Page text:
Another difficulty is that modern high speed envelope making machines are capable of a very h'gh output, but when the envelopes are to be packeted the output must be limited in coordination with the present comparatively slow methods of counting and packeting the envelopes. If additional operators and wrapping machines are employed to keep up with the normal capacity of the envelope making machine, the labor cost and investment overcome the advantage gained by the high speed machines.

It is therefore the principal object of the present invention to provide counting and packeting mechanism which is adapted to count and packet automatically the output of modern envelope machines.

Other objects of the invention are to provide for automatically depositing envelopes in timed relation within traveling pockets to assure the desired number of envelopes in each pocket; to provide automatic removal of the envelopes from each pocket and banding them together with a wrapping strip; to provide for automatically detecting packets containing less than the required number of envelopes; to provide the traveling pockets with flexible elements arranged to be spread apart for facilitating insertion of the envelopes and to close suddenly on the envelopes when a given number has been deposited so as to divert the next envelope into the following pocket; to provide pockets that are readily adjustable to accommodate any desired number of envelopes; and to provide elevating means for lifting the envelopes from the pockets and carrying them through the wrapping stations to a delivery table.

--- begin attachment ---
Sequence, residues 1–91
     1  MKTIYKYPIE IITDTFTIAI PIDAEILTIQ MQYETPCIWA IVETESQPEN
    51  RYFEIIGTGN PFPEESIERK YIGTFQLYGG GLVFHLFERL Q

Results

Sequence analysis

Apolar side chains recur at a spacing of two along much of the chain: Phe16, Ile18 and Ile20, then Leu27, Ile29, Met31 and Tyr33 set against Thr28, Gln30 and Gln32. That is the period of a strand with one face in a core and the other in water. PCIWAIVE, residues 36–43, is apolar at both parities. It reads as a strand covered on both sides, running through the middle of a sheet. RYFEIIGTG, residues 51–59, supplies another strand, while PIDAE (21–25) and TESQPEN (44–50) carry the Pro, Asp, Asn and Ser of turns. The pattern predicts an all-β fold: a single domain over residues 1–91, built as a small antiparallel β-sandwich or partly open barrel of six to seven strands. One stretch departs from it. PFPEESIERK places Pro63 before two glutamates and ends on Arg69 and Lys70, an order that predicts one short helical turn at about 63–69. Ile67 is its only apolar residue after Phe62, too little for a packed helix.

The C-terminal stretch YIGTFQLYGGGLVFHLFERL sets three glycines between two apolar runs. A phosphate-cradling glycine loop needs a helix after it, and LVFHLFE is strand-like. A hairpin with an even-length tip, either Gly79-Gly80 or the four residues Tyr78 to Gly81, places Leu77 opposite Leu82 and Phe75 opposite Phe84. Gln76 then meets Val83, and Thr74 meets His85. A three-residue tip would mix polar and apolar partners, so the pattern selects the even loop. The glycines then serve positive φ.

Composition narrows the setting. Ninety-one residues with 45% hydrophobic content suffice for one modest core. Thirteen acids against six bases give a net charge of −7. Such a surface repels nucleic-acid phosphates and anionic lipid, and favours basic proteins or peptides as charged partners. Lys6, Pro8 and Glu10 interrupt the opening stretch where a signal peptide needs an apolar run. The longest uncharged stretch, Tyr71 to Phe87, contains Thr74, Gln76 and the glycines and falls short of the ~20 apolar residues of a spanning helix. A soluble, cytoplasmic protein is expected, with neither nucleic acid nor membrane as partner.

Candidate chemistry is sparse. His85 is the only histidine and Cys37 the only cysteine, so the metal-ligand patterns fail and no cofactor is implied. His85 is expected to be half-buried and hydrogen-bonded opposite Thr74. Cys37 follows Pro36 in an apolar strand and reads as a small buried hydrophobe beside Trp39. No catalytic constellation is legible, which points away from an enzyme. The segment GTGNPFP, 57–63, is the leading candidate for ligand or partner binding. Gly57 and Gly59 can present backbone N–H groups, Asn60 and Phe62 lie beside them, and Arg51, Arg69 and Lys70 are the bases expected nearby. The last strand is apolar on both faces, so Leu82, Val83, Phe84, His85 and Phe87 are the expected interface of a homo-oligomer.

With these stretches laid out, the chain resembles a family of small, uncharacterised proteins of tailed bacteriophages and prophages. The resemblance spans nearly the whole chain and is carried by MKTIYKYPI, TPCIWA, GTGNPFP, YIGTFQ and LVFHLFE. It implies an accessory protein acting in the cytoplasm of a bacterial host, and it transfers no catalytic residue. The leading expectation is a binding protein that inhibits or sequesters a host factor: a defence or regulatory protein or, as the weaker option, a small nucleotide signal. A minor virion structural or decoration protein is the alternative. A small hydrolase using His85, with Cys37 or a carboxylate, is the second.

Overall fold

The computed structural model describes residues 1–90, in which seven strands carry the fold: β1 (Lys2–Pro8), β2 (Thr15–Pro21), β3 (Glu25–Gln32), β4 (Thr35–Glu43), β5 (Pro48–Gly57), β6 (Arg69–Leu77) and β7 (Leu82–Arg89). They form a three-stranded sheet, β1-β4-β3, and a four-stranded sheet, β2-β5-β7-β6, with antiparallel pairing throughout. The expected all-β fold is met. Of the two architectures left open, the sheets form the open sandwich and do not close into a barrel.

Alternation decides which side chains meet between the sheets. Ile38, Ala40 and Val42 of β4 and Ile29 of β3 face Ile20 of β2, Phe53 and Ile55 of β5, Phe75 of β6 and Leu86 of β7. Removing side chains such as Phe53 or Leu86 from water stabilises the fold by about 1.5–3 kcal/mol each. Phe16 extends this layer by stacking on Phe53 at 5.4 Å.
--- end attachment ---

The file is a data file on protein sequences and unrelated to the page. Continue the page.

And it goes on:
Other objects of the invention are to provide means for feeding the wrapping strip from a roll, cutting off the required length, extending it around a packet, and sealing the ends of the strip together.

In accomplishing these and other objects of the invention, as hereinafter pointed out, we have provided improved structure, the preferred form of which is illustrated in the accompanying drawings wherein:

FIG. 1 is a longitudinal section through an apparatus constructed in accordance with the present invention for receiving the envelopes from an envelope making machine, assembling the envelopes into groups each containing a given number, wrapping each group into a packet and delivering the packets for boxing.

aeiasss Patented Feb. 6, 1962 ice FIG. 1A shows a portion of the apparatus of a type for feeding the envelopes from a stack after they have been removed from the delivery end of an envelope making machine.

FIG. 2 illustrates diagrammatically a detector mechanism for indicating and/or discarding a packet having less than a proper number of envelopes.

FIG. 2A is a side elevational view of the detector.